Empiric Radiotherapy for Lung Cancer Collaborative Group Multiinstitutional Evidence-Based Guidelines for the Use of Empiric Stereotactic Body Radiation Therapy for Non-Small Cell Lung Cancer Without Pathologic Confirmation

Abigail T. Berman; Salma K. Jabbour; Anil Vachani; Cliff Robinson; J. Isabelle Choi; Pranshu Mohindra; Ramesh Rengan; Jeffrey Bradley; Charles B. Simone II


Transl Lung Cancer Res. 2019;8(1) 

In This Article

Abstract and Introduction


The standard of care for managing early stage non-small cell lung cancer (NSCLC) is definitive surgical resection. Stereotactic body radiation therapy (SBRT) has become the standard treatment for patient who are medically inoperable, and it is increasingly being considered as an option in operable patients. With the growing use of screening thoracic CT scans for patients with a history of heavy smoking, as well as improved imaging capabilities, the discovery of small lung nodes has become a common dilemma. As a result, clinicians are increasingly faced with managing lung nodules in patients in whom diagnostic biopsy is not safe or feasible. Herein, we describe the scope of the problem, tools available for predicting the probability that a lung nodule is a malignancy, staging procedures, benefits of pathology-proven and empiric SBRT, considerations of safety based on location of the lesion of concern, and overall efficacy of SBRT.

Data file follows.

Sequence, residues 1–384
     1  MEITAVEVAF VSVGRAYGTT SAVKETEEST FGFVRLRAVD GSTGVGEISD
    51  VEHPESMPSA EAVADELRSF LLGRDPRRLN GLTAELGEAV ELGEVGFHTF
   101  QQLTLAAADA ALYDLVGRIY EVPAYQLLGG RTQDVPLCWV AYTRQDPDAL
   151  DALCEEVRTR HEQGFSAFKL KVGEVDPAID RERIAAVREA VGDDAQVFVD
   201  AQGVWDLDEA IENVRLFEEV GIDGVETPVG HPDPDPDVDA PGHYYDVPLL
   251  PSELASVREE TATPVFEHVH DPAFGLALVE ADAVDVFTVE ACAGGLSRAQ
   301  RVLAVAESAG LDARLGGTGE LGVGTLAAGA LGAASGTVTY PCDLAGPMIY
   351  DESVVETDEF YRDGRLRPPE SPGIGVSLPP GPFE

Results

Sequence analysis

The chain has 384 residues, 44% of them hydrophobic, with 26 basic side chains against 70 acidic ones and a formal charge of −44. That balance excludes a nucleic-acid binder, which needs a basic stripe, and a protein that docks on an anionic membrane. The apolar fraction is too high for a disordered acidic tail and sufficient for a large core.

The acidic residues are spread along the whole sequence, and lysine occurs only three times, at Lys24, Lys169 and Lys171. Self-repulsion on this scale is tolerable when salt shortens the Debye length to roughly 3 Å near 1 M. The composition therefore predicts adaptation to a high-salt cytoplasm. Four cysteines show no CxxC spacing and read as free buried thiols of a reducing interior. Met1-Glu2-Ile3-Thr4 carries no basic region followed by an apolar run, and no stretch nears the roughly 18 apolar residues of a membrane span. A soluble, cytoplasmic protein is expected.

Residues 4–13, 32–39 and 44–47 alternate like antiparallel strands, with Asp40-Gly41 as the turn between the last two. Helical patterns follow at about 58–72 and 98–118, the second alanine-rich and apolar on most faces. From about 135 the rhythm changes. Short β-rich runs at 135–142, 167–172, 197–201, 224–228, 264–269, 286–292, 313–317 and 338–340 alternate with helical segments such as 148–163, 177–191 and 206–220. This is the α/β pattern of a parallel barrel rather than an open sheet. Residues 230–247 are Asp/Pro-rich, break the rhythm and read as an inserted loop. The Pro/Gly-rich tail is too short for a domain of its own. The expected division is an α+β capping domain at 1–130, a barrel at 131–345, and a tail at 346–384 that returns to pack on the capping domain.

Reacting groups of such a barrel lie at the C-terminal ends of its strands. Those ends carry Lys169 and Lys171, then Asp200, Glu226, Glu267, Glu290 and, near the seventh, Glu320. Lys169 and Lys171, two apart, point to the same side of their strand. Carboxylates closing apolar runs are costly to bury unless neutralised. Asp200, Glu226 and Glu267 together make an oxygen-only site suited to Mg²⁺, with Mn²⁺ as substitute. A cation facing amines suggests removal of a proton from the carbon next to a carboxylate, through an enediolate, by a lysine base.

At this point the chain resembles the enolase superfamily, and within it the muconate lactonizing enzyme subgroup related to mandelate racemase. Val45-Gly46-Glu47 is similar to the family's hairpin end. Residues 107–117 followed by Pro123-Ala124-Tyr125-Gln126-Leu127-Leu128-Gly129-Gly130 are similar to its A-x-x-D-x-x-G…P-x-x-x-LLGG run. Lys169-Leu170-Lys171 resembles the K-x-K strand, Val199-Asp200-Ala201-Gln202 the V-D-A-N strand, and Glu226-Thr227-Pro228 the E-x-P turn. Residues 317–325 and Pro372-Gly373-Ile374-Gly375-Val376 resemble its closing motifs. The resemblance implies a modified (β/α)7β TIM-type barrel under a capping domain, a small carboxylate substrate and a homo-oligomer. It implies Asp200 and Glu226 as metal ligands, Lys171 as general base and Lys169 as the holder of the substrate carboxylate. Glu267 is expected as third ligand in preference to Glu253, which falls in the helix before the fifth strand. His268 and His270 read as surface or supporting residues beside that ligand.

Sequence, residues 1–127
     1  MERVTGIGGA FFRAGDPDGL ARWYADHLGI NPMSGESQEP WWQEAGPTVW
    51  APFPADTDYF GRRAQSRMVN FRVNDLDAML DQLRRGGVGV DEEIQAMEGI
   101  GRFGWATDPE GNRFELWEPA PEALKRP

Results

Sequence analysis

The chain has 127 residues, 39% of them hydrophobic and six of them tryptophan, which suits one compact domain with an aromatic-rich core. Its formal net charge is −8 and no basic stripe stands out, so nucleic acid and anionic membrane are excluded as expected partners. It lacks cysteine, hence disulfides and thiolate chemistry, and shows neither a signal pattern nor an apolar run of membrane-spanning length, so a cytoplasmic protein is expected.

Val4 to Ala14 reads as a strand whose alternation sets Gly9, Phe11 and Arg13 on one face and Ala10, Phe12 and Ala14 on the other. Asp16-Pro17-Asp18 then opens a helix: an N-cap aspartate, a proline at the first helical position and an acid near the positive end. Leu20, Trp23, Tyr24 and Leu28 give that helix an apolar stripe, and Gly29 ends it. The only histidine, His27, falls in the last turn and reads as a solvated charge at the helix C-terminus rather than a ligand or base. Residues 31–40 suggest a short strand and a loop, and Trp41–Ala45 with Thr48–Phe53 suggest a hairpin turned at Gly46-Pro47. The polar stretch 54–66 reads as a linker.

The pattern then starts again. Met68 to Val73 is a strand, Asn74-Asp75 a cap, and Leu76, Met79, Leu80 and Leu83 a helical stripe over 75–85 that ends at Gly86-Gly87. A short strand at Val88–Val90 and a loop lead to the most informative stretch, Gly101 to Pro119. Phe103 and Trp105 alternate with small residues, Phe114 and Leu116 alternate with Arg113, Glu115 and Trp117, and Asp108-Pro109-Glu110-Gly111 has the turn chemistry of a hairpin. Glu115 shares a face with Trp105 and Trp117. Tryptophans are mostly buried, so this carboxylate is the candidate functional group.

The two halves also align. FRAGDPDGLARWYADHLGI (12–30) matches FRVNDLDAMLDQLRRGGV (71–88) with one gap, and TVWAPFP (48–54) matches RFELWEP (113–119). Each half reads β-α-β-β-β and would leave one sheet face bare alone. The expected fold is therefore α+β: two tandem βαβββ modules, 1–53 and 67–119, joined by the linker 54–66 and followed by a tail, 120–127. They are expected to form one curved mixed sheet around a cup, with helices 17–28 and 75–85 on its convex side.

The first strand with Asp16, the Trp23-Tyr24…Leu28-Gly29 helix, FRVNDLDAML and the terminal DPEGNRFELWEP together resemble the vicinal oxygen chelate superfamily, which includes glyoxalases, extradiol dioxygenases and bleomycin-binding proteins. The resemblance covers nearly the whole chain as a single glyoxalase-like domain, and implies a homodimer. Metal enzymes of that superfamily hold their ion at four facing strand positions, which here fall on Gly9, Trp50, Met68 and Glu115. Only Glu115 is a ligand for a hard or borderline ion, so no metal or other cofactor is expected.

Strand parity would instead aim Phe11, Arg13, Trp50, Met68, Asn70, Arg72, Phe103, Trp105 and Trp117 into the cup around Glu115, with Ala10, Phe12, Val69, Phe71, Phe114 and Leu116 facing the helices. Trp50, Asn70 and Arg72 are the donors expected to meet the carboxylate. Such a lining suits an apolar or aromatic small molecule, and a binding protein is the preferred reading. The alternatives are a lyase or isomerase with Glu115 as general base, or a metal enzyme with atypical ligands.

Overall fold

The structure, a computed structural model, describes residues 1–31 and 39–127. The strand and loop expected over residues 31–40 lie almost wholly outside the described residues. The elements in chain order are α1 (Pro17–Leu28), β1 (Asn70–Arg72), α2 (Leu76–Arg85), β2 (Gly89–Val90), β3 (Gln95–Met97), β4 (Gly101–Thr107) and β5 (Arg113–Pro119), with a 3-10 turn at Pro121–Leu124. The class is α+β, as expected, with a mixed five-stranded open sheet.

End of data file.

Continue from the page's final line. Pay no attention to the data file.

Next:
The standard treatment of early-stage non-small cell lung cancer (NSCLC) has been surgical resection when feasible. However, in patients who are surgically or medically inoperable or by patient preference, stereotactic body radiation therapy (SBRT) has become established as an effective definitive modality to treat stage I NSCLC,[1] and it is emerging as a viable modality for medically operable patients.[2] Many patients treated with SBRT have poor pulmonary reserve and significant co-morbidities and are, therefore, also at significant risk of developing complications from biopsy. While a historical resolute mantra of cancer care is that no therapy is administered without pathologic proof of malignancy, clinicians are increasingly faced with the challenge of considering SBRT to be performed empirically for patients with radiographic findings consistent with early-stage lung cancer. We performed a thorough literature search and formed the Empiric Radiotherapy for Lung Cancer Collaborative Group to report the evidence regarding empiric SBRT and guidelines for physicians to consider. Herein, we provide an expert commentary on how to apply "rationalism to empiricism," or when it is appropriate to treat a patient with SBRT without pathologic confirmation.